Pa. lawmakers rail against ‘unconstitutional’ transgender bathroom rule in letter to Obama

     In this photo taken Thursday, May 12, 2016, signage is seen outside a restroom at 21c Museum Hotel in Durham, N.C. North Carolina is in a legal battle over a state law that requires transgender people to use the public restroom matching the sex on their birth certificate. The ADA-compliant bathroom signs were designed by artist Peregrine Honig. (Gerry Broome/AP Photo)

    In this photo taken Thursday, May 12, 2016, signage is seen outside a restroom at 21c Museum Hotel in Durham, N.C. North Carolina is in a legal battle over a state law that requires transgender people to use the public restroom matching the sex on their birth certificate. The ADA-compliant bathroom signs were designed by artist Peregrine Honig. (Gerry Broome/AP Photo)

    Ninety-seven Republican state representatives in Pennsylvania — including several from the Philadelphia region — have signed off on a letter to President Barack Obama, calling the new federal directive to make public schools transgender-inclusive “unconstitutional” and an “extreme outrage.”

    Led by state Rep. Daryl Metcalfe, R-Butler, lawmakers argue in their letter that the new federal guideline “sacrifices … fundamental privacy rights,” endangers young children and usurps the lawmaking powers of Congress.

    “Plainly, this directive will allow men to go into legally sex-separated bathrooms with young girls,” it states. “The parents of these young girls are rightly concerned about your policy and its implications for their daughters’ safety.”

    Transgender rights advocates call that argument a “red herring,” not borne out by an actual uptick in predatory behavior in places that have had transgender-inclusive bathroom policies.

    The letter ends with a request to rescind the policy.

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    It also cites a federal court case, Johnston v. University of Pittsburgh Com. Sys. of Higher Education, which ended in a settlement, as having already resolved the legal questions around this issue in Pennsylvania.

    In that case, a transgender student at the University of Pittsburgh at Johnstown named Seamus Johnston sued the school after it barred him from using the men’s locker room and restroom. The school later changed its policy to allow transgender students to use single-sex spaces based on their gender identities.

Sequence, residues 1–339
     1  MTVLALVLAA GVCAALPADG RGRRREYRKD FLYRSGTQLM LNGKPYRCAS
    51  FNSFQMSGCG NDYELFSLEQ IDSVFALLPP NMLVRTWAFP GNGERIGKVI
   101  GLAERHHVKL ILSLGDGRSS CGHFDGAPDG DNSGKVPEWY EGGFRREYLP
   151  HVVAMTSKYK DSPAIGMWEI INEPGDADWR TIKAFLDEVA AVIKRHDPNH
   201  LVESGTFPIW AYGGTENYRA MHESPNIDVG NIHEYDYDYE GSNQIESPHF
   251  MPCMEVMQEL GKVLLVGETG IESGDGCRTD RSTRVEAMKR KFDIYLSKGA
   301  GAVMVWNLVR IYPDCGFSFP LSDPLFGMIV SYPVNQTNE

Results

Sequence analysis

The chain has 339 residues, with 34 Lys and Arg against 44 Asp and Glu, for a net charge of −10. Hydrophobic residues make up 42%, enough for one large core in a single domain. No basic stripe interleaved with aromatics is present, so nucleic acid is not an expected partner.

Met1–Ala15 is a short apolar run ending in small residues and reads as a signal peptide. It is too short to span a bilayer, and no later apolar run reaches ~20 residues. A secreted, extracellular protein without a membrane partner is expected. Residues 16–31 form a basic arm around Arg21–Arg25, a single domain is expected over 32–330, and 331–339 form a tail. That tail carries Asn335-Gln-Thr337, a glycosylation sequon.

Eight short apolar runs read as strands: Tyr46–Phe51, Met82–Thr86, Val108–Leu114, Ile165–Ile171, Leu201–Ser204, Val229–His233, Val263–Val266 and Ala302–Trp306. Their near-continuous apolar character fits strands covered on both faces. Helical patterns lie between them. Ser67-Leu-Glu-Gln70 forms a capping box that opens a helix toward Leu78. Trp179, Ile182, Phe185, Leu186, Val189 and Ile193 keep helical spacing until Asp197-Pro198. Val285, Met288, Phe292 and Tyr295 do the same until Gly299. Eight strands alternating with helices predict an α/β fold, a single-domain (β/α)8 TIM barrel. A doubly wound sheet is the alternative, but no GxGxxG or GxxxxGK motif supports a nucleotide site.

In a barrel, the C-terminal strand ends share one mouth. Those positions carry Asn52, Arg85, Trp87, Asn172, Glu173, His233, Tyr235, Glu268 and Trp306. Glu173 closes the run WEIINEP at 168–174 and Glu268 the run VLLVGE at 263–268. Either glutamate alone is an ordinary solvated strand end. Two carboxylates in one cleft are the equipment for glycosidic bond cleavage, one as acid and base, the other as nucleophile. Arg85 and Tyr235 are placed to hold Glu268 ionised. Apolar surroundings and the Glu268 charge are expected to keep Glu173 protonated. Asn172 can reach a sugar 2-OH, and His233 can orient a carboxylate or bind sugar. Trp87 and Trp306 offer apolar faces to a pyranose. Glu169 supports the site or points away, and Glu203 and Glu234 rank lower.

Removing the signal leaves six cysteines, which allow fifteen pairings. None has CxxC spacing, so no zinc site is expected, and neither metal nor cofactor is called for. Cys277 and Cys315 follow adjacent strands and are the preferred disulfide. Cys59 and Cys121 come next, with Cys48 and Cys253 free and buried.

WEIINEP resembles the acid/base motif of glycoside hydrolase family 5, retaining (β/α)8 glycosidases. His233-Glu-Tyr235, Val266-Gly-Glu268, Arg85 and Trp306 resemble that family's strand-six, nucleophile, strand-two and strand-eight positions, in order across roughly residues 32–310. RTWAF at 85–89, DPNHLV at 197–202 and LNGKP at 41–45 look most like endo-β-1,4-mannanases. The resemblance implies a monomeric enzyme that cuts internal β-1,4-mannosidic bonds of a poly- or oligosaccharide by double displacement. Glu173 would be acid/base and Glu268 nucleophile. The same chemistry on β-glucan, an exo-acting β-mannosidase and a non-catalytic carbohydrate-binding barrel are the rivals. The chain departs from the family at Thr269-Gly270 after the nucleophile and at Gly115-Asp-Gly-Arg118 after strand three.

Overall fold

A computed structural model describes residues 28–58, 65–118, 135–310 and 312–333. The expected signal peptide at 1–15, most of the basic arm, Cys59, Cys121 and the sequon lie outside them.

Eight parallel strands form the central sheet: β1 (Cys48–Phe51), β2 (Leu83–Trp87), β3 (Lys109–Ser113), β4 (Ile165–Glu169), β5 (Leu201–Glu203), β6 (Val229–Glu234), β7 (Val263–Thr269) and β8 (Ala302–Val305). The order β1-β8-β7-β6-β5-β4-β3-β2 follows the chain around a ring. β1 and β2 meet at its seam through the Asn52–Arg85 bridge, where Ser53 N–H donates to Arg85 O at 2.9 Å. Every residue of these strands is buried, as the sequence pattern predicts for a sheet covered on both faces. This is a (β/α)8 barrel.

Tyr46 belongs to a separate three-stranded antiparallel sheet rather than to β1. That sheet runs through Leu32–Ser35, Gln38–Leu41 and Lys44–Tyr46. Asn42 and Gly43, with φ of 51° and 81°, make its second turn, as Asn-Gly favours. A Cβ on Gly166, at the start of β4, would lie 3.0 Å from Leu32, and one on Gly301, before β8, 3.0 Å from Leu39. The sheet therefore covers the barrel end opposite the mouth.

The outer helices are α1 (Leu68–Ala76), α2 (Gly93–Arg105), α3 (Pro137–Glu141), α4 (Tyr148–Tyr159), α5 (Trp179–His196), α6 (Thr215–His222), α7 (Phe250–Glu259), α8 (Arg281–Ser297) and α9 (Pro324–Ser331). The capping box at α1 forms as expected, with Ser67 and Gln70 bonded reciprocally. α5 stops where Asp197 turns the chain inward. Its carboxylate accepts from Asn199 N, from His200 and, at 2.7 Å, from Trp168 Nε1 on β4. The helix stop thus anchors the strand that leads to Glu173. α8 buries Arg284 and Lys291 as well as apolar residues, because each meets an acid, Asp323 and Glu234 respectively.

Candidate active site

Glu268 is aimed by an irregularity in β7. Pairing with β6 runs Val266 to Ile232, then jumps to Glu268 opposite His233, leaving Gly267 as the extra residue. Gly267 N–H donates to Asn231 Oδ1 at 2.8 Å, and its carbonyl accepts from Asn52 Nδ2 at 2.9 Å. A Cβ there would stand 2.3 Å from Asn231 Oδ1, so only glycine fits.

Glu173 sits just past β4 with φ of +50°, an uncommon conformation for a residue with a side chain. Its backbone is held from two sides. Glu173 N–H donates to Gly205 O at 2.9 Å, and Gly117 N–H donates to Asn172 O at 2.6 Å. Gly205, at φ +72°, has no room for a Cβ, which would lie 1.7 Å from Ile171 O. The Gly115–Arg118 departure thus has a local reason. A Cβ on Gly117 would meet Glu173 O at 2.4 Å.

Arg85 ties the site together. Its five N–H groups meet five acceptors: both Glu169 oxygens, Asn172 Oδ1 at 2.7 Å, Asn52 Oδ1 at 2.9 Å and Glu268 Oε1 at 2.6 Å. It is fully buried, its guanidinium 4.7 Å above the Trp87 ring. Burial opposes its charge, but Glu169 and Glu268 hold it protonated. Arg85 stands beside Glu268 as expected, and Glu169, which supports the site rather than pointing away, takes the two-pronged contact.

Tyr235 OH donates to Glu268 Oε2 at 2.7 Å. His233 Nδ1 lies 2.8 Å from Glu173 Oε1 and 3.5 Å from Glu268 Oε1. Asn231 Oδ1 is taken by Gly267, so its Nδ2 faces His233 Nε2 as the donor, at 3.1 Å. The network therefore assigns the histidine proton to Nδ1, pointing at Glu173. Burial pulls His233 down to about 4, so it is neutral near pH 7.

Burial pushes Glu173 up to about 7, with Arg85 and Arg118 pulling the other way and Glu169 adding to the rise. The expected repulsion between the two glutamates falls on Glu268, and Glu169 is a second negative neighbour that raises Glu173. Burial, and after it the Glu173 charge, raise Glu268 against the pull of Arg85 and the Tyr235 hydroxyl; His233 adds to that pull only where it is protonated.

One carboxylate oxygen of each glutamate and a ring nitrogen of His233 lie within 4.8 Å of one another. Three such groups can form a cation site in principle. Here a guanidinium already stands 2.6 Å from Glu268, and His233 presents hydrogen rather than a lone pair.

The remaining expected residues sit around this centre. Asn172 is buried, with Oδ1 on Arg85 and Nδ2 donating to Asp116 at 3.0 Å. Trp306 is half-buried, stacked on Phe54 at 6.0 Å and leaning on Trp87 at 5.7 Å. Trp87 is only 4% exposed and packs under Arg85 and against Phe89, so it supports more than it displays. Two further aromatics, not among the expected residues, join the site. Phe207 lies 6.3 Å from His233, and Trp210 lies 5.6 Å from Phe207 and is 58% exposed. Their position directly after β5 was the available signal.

Metcalfe’s office forwarded a request for comment to the lawmaker, who did not respond.

    Jim Buckheit, executive director of the Pennsylvania Association of School Administrators, said he had not heard much blowback from school district adminstrators.

    “It has been something that school administrators have been dealing with for quite some time,” he said. “It’s not something new.”

    Some school districts in Southeastern Pennsylvania — including Lower Merion, Great Valley and Springfield Township — had already adopted or were working on their own transgender inclusion policies when the federal directive came.

    However, local school boards that were not already looking at the issue may chafe at federal intervention, according to Buckheit.

    “It’s more controversial because it came from the federal government than I think it otherwise would have been,” he said.

    Only one school district — in Allegheny County — has come out against the mandate so far. Last Friday, the Obama Administration released guidelines in the form of a letter, threatening to restrict federal funds if public schools failed to create a safe and nondiscriminatory environment for transgender students.

    That letter calls for schools to honor the gender that students identify as, not necessarily the gender assigned to them on their birth certificates. That means using transgender students’ preferred pronouns on official documents and allowing students to use single-sex spaces — such as bathrooms and locker rooms — based on their gender identity.

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